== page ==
Ever since the first dinosaur fossil was found in 1676, mankind has been mesmerised by these "terrible lizards" whose teeth and bones were distinct from any living creatures.
On Saturday, the fascination reached epic proportions when the fossil of the largest ever animal to have walked the earth was discovered in Argentina.
Here's a look at some other interesting dinosaur finds in recent times:
1. Ousted but still grand
Until a few days ago, the Argentinosaurus held the record for being the world's biggest dinosaur, which stood as tall as a three-storey building, stretched up to 38m in length and weighed about 70,000kg. The plant-eater's fossils were first uncovered in Patagonia by South American rancher Guillermo Heredia when he found a vertebra in 1987. Because of its massive size, he mistook it to be a piece of petrified wood. It was only several years later, in 1993, that the most famous paleontologist in South America, Jose F. Bonaparte, identified the 'wood' to be dinosaur bones.
In 2011, scientists presented findings of a nest containing the fossilised remains of 15 juvenile Protoceratops dinosaurs in a 70-million-year-old nest in Mongolia. At least 10 of the finds were complete specimens, and all were believed to be from a single mother, indicating that the young dinosaurs remained in the nest through the early stages of post-natal development and were cared for by their parents.
A baby dinosaur skeleton was discovered in Dinosaur Provincial Park in Alberta. It was so extremely well-preserved that scientists said it was the closest one could get to a dinosaur mummy. The rare fossil of the Chasmosaurus belli had its skeleton intact, measured 1.5m in length and was about three years old at the time of discovery in 2010. Because it had no bite marks or trace of injury, researchers think it wandered into a stream, drowned and lay covered in sediment, undisturbed for about 70 million years.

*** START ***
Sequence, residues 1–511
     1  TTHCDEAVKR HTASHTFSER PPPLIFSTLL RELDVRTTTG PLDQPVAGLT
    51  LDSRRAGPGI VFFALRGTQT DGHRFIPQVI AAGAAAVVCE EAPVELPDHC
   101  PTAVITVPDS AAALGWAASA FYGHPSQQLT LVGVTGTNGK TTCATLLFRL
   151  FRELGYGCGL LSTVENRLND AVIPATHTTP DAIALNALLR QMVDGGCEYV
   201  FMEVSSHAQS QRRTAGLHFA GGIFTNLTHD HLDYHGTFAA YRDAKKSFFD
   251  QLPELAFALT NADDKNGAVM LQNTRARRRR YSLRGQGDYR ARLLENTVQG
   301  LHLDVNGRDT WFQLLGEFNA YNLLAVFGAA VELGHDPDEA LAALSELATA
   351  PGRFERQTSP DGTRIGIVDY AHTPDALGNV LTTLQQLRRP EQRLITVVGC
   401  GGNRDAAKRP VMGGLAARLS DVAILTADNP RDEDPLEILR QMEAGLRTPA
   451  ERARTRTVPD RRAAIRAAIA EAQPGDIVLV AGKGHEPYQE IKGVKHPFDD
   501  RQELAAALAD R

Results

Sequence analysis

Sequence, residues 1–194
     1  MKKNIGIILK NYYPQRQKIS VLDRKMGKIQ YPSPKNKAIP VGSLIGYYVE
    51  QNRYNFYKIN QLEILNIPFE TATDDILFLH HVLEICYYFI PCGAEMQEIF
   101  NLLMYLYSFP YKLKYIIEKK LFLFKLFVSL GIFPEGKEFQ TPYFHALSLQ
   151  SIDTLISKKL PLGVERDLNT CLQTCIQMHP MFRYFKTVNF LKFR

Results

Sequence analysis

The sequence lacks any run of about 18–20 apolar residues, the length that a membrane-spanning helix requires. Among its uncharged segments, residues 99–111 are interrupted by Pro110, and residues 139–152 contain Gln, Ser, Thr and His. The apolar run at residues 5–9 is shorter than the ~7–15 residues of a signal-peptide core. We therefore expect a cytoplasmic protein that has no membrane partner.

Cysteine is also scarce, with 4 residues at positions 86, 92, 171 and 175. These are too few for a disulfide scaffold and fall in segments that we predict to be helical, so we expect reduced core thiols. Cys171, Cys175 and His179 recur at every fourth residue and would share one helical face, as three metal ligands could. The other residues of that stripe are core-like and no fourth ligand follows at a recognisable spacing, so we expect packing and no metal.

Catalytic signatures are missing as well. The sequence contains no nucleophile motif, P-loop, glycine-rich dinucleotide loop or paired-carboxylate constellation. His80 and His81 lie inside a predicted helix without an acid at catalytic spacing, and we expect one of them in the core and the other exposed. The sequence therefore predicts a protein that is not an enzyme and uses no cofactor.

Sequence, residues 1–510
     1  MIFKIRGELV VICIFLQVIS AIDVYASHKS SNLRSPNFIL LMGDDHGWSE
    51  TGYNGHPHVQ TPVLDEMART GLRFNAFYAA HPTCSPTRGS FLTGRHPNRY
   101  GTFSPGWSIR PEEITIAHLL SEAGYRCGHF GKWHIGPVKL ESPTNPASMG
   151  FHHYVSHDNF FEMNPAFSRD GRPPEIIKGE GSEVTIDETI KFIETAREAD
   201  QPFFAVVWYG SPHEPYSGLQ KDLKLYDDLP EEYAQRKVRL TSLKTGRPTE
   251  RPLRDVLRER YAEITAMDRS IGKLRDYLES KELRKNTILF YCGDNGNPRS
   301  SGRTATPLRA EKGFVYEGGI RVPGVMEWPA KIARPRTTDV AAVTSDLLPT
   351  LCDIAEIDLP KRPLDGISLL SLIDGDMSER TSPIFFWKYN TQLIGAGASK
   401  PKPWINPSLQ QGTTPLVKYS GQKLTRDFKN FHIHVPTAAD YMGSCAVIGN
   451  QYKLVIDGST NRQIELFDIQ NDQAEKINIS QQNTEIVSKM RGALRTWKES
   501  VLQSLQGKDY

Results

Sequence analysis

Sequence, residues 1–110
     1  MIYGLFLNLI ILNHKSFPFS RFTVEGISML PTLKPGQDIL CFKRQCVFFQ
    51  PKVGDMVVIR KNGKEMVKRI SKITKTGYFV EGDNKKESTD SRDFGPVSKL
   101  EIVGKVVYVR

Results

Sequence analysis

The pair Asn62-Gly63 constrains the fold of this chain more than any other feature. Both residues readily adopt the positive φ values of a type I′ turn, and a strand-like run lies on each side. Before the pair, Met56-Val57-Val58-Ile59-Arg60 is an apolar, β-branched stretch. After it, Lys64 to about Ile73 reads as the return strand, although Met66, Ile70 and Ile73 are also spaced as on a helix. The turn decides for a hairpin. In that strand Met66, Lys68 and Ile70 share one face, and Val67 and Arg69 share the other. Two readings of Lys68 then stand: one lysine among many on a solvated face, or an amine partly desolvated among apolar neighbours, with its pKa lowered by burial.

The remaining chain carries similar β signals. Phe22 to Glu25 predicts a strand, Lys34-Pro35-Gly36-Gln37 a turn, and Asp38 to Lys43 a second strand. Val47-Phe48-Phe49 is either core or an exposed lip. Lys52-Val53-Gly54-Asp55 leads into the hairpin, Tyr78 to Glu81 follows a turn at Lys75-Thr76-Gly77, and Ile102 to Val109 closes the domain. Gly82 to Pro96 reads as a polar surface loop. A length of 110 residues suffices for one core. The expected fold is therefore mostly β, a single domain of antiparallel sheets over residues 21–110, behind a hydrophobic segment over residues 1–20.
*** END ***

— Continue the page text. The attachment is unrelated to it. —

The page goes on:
4. Little Joe
Discovered by an eagle-eyed high-school student in 2009, this Parasaurolophus fossil turned out to be the smallest, youngest and most complete duck-billed dinosaur of its kind ever found in Utah. This Cretaceous-era herbivore walked the Earth some 75 million years ago. The dinosaurs in this genus are best known for their impressive tube-shaped head crests, which may have been used for display or perhaps to amplify the animals' calls. The little specimen, dubbed "Joe", was such a young 'un that its crest was a mere bump on its head.
In 2006, scientists found the world's oldest dinosaur burrows in Australia dating back 106 million years. Three separate burrows were found in all, the biggest being 2m long, each built to a similar design and just big enough to hold the body of a small dinosaur. Two of the burrows formed a semi-helix, twisting down into the rock that was once soil. The largest and best-preserved turned twice before ending in a larger chamber. They were the first to be found outside North America, adding weight to the theory that dinosaurs living in cold, harsh climates burrowed underground to survive. The species is still unknown.
Astonishing fossils were pulled out of the ground in the remote hills of China's Liaoning province in the 1990s, which refuelled debate about the origin of birds. The fossils ranged from a primitive toothed bird to strange dinosaurs with birdlike feathers to dinosaurs that could actually fly. One of the dinosaur remains was trapped between two layers of fine paper shale, preserving the feathers that covered its entire body. Some others were spectacularly preserved examples of bipedal, long-legged, long-necked, usually toothless animals that resembled modern ostriches.